Billy and the Kid
by Kristine Rolofson
(Harl. Tempt. #765, $3.99, PG) ISBN 0-373-25865-8
Combine two people who are polar opposites. He's positive that he doesn't want to get married; she's negative about marrying a cowboy. Throw in a darling baby girl as the catalyst, and you've got a charged romance.

When you pick up Billy and the Kid, be aware that the back blurb is half wrong. The top paragraph describes the hero, but the bottom paragraph about the heroine must have accidentally gotten post-it-noted to the wrong book. The heroine's name is wrong, as is the fact that the blurb says she's had a crush on the guy forever. Umm, she's new in town and hasn't known him forever. Some junior editor goofed big time.

Will, a.k.a. Billy Wilson, depending on who's doing the talking, is staying at his grandparent's dilapidated ranch, getting it ready to sell. Will was successful on the rodeo circuit but isn't sure what he wants to do with his life. That decision is temporarily removed from his hands when he finds an infant girl on his front porch. He thinks that the infant is his niece, but he also wonders if the baby is his, which means that his past has caught up with him.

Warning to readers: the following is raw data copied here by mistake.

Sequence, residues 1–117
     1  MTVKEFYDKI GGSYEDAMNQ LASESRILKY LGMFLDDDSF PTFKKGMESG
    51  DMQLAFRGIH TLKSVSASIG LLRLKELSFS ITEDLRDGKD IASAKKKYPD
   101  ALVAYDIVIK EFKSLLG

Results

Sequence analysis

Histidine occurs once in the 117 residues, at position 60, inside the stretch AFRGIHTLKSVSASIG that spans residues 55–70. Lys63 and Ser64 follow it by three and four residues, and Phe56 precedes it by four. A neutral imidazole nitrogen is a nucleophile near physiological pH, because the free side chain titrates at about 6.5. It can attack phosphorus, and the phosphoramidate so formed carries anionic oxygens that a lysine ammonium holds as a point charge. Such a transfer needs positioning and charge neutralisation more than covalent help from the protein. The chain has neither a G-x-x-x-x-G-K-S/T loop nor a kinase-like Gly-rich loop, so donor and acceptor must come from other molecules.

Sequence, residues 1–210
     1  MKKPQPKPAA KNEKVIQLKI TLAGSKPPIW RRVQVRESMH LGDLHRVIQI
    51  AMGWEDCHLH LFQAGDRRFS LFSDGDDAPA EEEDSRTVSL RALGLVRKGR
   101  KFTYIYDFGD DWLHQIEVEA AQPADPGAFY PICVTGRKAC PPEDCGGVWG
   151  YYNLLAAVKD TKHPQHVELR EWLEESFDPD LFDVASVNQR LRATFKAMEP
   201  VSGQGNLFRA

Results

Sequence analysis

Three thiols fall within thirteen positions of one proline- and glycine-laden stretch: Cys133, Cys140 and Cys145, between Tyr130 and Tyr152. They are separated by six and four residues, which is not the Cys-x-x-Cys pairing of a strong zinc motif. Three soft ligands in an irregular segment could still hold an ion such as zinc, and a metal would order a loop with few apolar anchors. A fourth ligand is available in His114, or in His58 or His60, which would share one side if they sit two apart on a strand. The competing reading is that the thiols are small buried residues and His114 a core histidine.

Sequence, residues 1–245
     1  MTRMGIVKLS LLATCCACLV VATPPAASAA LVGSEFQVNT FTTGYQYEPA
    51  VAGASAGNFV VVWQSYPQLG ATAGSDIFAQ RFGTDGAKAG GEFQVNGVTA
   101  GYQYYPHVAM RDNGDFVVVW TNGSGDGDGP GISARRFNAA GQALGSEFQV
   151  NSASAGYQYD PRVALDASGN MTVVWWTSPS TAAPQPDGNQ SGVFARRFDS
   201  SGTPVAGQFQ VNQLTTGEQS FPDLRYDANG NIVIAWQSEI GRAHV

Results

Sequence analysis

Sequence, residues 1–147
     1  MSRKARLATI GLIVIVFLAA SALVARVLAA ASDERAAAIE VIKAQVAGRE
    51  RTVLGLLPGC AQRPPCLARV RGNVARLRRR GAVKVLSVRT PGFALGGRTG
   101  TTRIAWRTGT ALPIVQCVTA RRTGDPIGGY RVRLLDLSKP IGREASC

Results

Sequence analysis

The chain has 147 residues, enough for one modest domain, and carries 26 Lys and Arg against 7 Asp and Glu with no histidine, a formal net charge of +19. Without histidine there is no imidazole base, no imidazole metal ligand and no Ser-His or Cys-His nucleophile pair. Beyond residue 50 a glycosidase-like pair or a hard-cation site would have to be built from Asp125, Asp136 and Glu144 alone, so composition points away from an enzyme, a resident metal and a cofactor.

Daisy McGregor thinks that Will Wilson is just about the sexiest, best looking man in Montana, but she has convinced herself that she's immune to Will's brand of charm. She's learned the hard way -- twice -- that good-looking men don't make good husbands. Daisy's resolve is sorely tested when Will starts bringing baby Spring to her restaurant.

Daisy wants a steady husband, babies, the whole white picket fence routine. Will has been shying away from a commitment for so long that Daisy scares him to death. It is fun to see him accept baby Spring but there's a sadness as Daisy realizes that the baby and Will won't ever be hers.

The reason that I can't wholeheartedly recommend this book is that Will's desire not to marry and Daisy's desire to stay away from Will obviously change, but those feelings are never really resolved. This is a romance; we know they'll change their minds. But the why was never satisfactorily explained. The magic wand appears, and "Poof," they've changed their minds. The majority of the story deals with Daisy reminding herself that Will is not good husband material, and Will reminding himself that he doesn't want to settle down.

Billy and the Kid is lighthearted, with a good dose of small town Americana thrown in. People butt into other people's business, but they also help each other in time of need. When the ladies of the quilting circle give Will a baby shower, it's a sweet gentle interlude. There are several strong secondary characters who add texture and appeal to the story.

The spoof on the title, the goodness of small town America and the gentleness of the main characters make Billy and the Kid a pleasant way to spend an afternoon.

--Linda Mowery

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